Nigeria’s Inflation Rises to 13.71%

The National Bureau of Statistics (NBS), in its Consumer Price Index (CPI) for September, says inflation rate in September rose by 0.49 per cent to 13.71 per cent from 13.22 per cent recorded in August.

NBS released the Consumer Price Index (CPI) for September on Thursday in Abuja.

It said the increase in the inflation in September was on a year-on-year basis.

It said that increases were recorded in all Classification of Individual Consumption by Purpose (COICOP) divisions that yielded the Headline Index.

It said on a month-on-month basis, the headline index increased by 1.48 per cent in September, showing 0.14 per cent rate higher than the rate recorded in August of 1.34 per cent.

“The percentage change in the average composite CPI for the 12 months’ period ending September over the average of the CPI for the previous 12 months period was 12.44 per cent.

“Showing 0.21 per cent point from 12.23 per cent recorded in August.”

The NBS said that urban inflation rate increased by 14.31 per cent (year-on-year) in the month under review from 13.83 per cent recorded in August.

“While the rural inflation rate increased by 13.14 per cent in September from 12.65 per cent in August.

It added that on a month-on-month basis, the urban index rose by 1.56 per cent in September, up by 0.14 per cent from 1.42 per cent recorded in August.

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The rural index also rose by 1.40 per cent in September, up by 0.13 from the rate recorded in the previous month 1.27 per cent.

“The corresponding 12-month year-on-year average percentage change for the urban index is 13.07 per cent in September.

“This is higher than 12.85 per cent reported in August, while the corresponding rural inflation rate in September is 11.86 per cent compared to 11.66 per cent recorded in August.

The NBS also said that composite food index rose by 16.66 per cent in September compared to 16.00 per cent in August.

It said that the rise in the food index was caused by increases in prices of bread and cereals, potatoes, yam and other tubers, meat, fish, fruits and oils and fats.

It said that on month-on-month basis, the food sub-index increased by 1.88 per cent in September, up by 0.21 per cent points from 1.67 per cent recorded in August.

“The ”All items less farm produce” or Core inflation, which excludes the prices of volatile agricultural produce stood at 10.58 per cent in September, up by 0.06 per cent when compared with 10.52 per cent recorded in August.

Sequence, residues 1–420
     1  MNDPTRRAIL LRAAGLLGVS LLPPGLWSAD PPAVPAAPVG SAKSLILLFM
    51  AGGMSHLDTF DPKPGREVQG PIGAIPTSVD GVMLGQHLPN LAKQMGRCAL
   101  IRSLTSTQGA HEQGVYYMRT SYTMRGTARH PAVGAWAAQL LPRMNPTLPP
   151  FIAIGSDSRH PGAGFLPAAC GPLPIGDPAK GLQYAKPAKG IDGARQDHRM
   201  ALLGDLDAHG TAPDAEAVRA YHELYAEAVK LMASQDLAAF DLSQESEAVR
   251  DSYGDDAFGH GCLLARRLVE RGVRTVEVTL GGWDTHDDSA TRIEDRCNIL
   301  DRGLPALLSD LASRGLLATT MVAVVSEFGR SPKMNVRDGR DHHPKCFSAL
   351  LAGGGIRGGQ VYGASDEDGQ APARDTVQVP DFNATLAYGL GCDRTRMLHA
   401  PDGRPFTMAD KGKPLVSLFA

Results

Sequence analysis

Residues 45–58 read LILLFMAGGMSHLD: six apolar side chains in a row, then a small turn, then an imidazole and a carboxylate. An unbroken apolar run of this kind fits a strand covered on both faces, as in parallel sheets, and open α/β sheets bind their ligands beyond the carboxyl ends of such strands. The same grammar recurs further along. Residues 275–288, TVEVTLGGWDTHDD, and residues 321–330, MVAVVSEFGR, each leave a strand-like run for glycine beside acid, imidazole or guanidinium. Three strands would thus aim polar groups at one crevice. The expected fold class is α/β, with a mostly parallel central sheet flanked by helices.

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NBS said that on month-on-month basis, the core sub-index increased by 0.94 per cent in September. This was down by 0.11 per cent when compared with 1.05 per cent recorded in August.”

It said the highest increases were recorded in prices of passenger transport by air, medical services, hospital services, pharmaceutical products and passenger transport by road.

Others are motor cars, vehicle spare parts, maintenance and repair of personal transport equipment, repair of furniture and paramedical services.

For state profiles, the report said that all items inflation on year –on-year basis was highest in Bauchi at 17.85 per cent, Zamfara followed with 17.42 per cent and Kogi with 16.66 per cent, while Lagos which stood at 11.19 per cent, Abuja 10.59 per cent and Kwara 10.53 per cent recorded the slowest rise in headline Year on Year inflation.

On a month-on-month basis however all items inflation was highest in Bauchi at 3.36 per cent, Kogi at 2.63 per cent and Zamfara 2.75 per cent.

While Nasarawa, which stood at 0.66 per cent, Abuja 0.64 per cent and Ondo with 0.31 per cent recorded the slowest rise in headline month-on-month inflation.

For food inflation, the NBS said that on a year-on-year basis, it was highest in Zamfara at 20.94 per cent, Kogi 19.06 per cent and Plateau/Yobe 18.90 per cent.

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Nasarawa stood at 13.94 per cent, Lagos 13.87 per cent and Ondo 13.59 per cent recorded the slowest rise.

On month-on-month basis, however, food inflation was highest in Zamfara at 3.65 per cent, Anambra 3.19 per cent and Kaduna 3.15 per cent.

Nasarawa is put at 0.51 per cent and Abuja at 0.15 per cent recorded the slowest rise.

“However, Ondo recorded price deflation or negative inflation (general decrease in the general price level of food or a negative food inflation rate).”

The CPI measures the average change over time in prices of goods and services consumed by people for day-to-day living.


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